The Reserve Bank has exempted new homes from its LVR
regulation. Photo from NZ Herald.
Pressure from the building industry has persuaded the
Reserve Bank to exempt the construction of new homes from its
contentious loan-to-value (LVR) regulation.
While welcoming the exemption, the Labour Party criticised
Westpac bank's decision yesterday to charge higher interest
rates for low-deposit borrowers, claiming the Government had
created a ''two-tier home lending market''.
Reserve Bank deputy governor Grant Spencer announced
yesterday that the central bank, having consulted the
building industry and other banks, would exempt new
residential construction loans from the LVR restrictions,
which were introduced on October 1.
The LVR sought to keep overall bank mortgage lending to
people who had less than a 20% deposit, at 10% of banks'
lending portfolios, putting first-home buyers at a further
''While high LVR construction lending is only around 1% of
total residential lending, it finances around 12% of
residential building activity,'' Mr Spencer said in a
''This exemption means that low deposit lending will fall
outside the 10% speed limit if it is financing the
construction of a new house or apartment.''
Labour's Housing spokesman Phil Twyford said recent evidence
from the Registered Master Builders Federation, that the LVR
was putting thousands of new builds at risk, ''blew a hole''
in the Government's policy of trying to increase housing
Warwick Quinn, chief executive of the Registered Master
Builders Federation, said he had no doubt it was research
from independent consulting company for the building
industry, Branz, released late last month, which influenced
the policy change.
It showed 5000 new houses, not the previously estimated 3000,
could be jeopardised by applying LVRs to new house
''The information the banks keep on how much lending they do
on new house construction is not great,'' Mr Quinn said.
Mr Twyford said the Government did not consider the LVR's
effect on new builds, the fact it would lock first-home
buyers out of the market, nor that it would depress already
stagnant house prices in many parts of regional New Zealand.
However, economist Shamubeel Eaqub, of the New Zealand
Institute of Economic Research, cautioned that the LVR policy
had been weakened and the Reserve Bank was tinkering around
the edges of the policy by caving in to the house building
''The more the exemptions, the less effective the policy will
be,'' Mr Eaqub said, warning that new houses tended to be
more expensive, so people with less equity would be
encouraged to build, The New Zealand Herald reported.
Mr Twyford also rounded on Westpac's announcement yesterday
of higher interest rates for low-deposit borrowers, which
''confirms the existence of a two-tier home lending market''.
''The easy [cheaper] money goes to the well-off, and property
speculators, both foreign and domestic, while first-home
buyers, who struggle to get a 20% deposit together, now have
to cop higher interest rates,'' Mr Twyford said in a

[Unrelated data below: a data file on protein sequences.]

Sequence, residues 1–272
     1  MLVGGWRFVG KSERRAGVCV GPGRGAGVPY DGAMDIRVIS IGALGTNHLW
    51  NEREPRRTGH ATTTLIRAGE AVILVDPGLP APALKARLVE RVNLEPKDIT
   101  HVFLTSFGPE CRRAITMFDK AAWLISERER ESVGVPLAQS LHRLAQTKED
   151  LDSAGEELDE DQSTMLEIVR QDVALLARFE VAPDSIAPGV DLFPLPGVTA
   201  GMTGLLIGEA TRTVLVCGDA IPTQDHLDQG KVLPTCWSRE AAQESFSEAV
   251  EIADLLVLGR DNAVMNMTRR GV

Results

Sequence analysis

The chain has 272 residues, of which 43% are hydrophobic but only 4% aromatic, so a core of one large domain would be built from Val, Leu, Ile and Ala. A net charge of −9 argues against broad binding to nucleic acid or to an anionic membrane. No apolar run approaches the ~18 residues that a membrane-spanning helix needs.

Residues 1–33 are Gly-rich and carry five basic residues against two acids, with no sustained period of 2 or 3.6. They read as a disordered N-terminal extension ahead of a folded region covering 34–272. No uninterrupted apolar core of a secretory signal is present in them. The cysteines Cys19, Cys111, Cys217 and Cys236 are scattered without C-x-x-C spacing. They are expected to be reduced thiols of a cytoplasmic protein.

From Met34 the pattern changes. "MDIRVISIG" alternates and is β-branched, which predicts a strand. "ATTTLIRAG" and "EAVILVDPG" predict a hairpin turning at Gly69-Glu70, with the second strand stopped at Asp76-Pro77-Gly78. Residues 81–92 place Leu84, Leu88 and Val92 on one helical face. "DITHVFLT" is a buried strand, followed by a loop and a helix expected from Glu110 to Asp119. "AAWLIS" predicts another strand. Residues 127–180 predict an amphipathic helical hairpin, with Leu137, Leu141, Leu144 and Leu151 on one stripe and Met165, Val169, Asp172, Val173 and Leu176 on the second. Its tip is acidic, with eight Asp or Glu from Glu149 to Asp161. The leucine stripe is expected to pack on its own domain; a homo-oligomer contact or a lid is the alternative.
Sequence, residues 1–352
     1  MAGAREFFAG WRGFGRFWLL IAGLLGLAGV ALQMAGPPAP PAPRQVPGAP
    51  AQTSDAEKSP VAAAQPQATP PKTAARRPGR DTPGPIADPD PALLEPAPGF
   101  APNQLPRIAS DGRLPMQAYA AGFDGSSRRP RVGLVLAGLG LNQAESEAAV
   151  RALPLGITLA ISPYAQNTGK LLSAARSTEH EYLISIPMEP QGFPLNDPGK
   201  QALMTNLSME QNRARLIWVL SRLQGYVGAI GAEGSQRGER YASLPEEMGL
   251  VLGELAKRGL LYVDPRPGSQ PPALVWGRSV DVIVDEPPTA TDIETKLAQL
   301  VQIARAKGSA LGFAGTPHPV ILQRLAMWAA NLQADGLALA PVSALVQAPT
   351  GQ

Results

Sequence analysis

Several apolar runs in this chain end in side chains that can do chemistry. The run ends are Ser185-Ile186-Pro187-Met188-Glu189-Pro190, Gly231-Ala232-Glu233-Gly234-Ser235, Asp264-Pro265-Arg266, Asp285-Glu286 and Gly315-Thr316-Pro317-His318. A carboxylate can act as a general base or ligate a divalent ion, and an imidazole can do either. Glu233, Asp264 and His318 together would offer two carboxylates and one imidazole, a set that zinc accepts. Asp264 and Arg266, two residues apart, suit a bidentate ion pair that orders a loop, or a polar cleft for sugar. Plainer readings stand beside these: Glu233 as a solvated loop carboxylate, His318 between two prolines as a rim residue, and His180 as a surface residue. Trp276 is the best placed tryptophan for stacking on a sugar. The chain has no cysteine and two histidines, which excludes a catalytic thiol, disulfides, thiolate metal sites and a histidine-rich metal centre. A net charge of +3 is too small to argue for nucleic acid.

He said Westpac's home loan repayment calculator showed
average Auckland home buyers on the low deposit loans would
have to pay more than $200 extra per month than those who
could afford a larger deposit.
Jennian Homes director Richard Carver, who has been vocal
about the impact on LVR on new builds since its inception,
has estimated up to 30% of new building inquiries were
affected by the LVR restrictions, amounting to ''thousands''
of homes annually.
''We strongly welcome the Reserve Bank's swift action to
exempt new house construction from the LVR regulations, as
this will increase the supply of new houses that are
desperately needed,'' Mr Carver said.
He said Auckland's housing shortage, alongside Canterbury's
rebuild, had given ''a false impression of a blanket
improvement'' in new housing consents across the country.
''This has not been the case, with many provincial regions
still showing a lag in new consents.
''Removing the LVR restrictions goes a long way to making
building new a very attractive proposition and should have a
positive flow-on effect for these areas,'' Mr Carver said.
Green Party Co-leader Dr Russel Norman said that since LVR
was introduced statistics had indicated there had been a
sharp drop in planning for new house building.
''A more flexible and smarter approach to LVRs will help to
dampen the housing bubble without choking off new home
building,'' Dr Norman said in a statement.
However, the LVR exemption was not a full solution and the
Greens wanted to see a government-led programme of affordable
house-building and progressive ownership, to give families a
pathway to owning their own home.
''The Green Party also want to see more flexibility for
first-home buyers. The evidence so far is that LVRs are
locking young families out of the housing market but having
little effect on wealthier investors - the opposite of what's
needed,'' Dr Norman said.
''LVRs can work, but they need more to be more sophisticated
than the Reserve Bank's initial `one-size-fits-all'
approach,'' he said.